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    Introducing Cultural Studies

    By dibster
    May 16, '06 11:32 PM EST

    The importance of cultural studies was highlighted in this lecture by Mr William Lim. He emphasizes the point that for us to critically understand the world as we know it today, it is important for one to appreciate and understand the key events that has passed. In the lecture, he put forward certain events such as the stabilization of the populations of the world, the economic situations around the world and also the political conditions which all have an impact on today's contemporary situation.

    What was most significant to me was the discussion on postmodernity as a result of the baggage of past centuries. Similarly, the concept of multiple modernities was discussed and in my opinion, it will be an important issue especially in a cosmopolitan country like Singapore. The concept of postmodernity as discussed by Mr Lim suggest the acceptance of differences, plurality, divergence and a celebration of chaos. With this, comes along the idea that one must shift away from the Eurocentric view of modernity and attempt to see an Asian modernity in the horizon. The Asian modernity which we seek must be defined not according to the parameters that we know of today but rather, a new set of parameters, relevant and specific to our region and context.

    If an Asian modernity is to be proposed, one needs to consider a global city-state like Singapore where we have an identity problem. Are we Asian? How Asian are we? What does it mean to be Asian? For Singapore, with a cosmopolitan population from all over the world, does this concept of Asian modernity apply to us and if it does, how can we define it?

    These critical questioning of cultural framework has a significant impact for the making of architecture and urban spaces in Singapore. Especially in a society that struggles to identify itself and one with ambitions to be a major player in the world economic and political arena, these questions can assist in creating an intellectual framework which can then be realized and manifested in the architecture and urban spaces of the country.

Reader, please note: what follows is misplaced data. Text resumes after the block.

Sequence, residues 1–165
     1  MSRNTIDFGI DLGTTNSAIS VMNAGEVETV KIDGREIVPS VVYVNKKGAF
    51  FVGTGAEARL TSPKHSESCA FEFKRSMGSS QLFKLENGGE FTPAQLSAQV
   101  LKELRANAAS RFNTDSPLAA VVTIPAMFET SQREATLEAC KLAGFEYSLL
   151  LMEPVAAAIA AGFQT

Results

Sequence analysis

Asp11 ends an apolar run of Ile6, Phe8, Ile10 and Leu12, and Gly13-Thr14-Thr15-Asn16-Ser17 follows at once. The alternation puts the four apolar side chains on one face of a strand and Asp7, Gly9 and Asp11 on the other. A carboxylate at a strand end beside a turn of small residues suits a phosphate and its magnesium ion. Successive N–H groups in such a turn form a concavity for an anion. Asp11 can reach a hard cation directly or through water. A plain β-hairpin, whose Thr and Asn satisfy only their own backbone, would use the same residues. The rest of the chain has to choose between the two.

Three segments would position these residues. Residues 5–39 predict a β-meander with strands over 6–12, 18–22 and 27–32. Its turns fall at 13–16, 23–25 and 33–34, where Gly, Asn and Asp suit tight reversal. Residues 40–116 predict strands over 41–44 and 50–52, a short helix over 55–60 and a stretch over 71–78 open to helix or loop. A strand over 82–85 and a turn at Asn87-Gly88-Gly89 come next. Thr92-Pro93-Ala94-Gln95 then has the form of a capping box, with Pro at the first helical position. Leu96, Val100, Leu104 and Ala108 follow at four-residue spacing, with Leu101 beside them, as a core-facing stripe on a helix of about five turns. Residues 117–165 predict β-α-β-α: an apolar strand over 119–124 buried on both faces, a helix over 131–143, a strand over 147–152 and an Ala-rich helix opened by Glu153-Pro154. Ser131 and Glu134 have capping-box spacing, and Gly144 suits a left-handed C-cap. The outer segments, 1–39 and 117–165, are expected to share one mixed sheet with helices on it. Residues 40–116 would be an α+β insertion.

With a new intellectual framework, there is potential for architecture to move down a new path. Beyond the sleek Japanese-look-alike designs or the Bali-style tropicality but rather towards a path that no one knows, one that can only be achieved through exploration and a robust framework. We will not know what and how the architecture can be made but we can at least be sure that we are trying to get there and be certain that it is somewhere we would rather be than perpetually compare ourselves to something we are not. The acceptance of a postmodern mindset however has to exist before we can start this journey of self-discovery.


    • soulikeit

      dude, deep insightful thought about the identity of singaporean architecture.

      btw, do u know how i can contact william lim directly?

      thanks man

      May 16, 06 11:55 pm  · 

      dude, deep insightful thought about the identity of singaporean architecture.

      btw, do u know how i can contact william lim directly?

      thanks man

      May 16, 06 11:55 pm  · 

      On the topic of contemporary modernism: I like the Sri Lankan work of the architect Jeffry Bawa, and was curious if he comes up in academic discussions in Singapore, or southeast asia as a whole. His work is beautiful, but rarely discussed in the states. I figure this is because his work is so appropriate to it's climate.

      May 17, 06 4:50 am  · 

      william lim is now semi-retired and he focuses on lecturing and doing theory based stuff. His firm has been renamed W-architects and is helmed by Mok Wei Wei. i suppose you can try to email

      Bawa is a common precedent study used in academic projects where the integration between nature and built environment and especially climate is noted. Tutors here like to use him as an example for smaller projects but as we start to deal with larger floor areas with higher floors, he tend to be forgotten.

      His works tend to be studied for those qualities but i personally feel that there are certain characteristics of his work that make it difficult for integration into Singapore's architecture.

      For instance, the fact that Singapore is 100% urbanized means that the opportunity to build spread out buildings that encourage wind flow is limited. Similarly, we tend to build high instead of spreading it out. The occassional houses that have such a large land area attempt to incorporate his techniques with varying degress of success.

      Studies of his work are sometimes reduced to a stylistic issue where his style is identified as a 'tropical style' and 'imported' into the country. So, just like any other precedent studies, this a common flaw in the studies of his work.

      I personally think that his works are beautiful and very contextual with a high degree of responsiveness to the climate. Although i'm still struggling with translating all his techniques into a different socio-cultural make-up and also a slightly different climate (humidity and rainfall pattern is slightly different bet Sri Lanka and Singapore)

      I'm not quite sure about how he is viewed in the region but i feel its a waste if he isnt studied more..

      May 18, 06 12:40 am  · 

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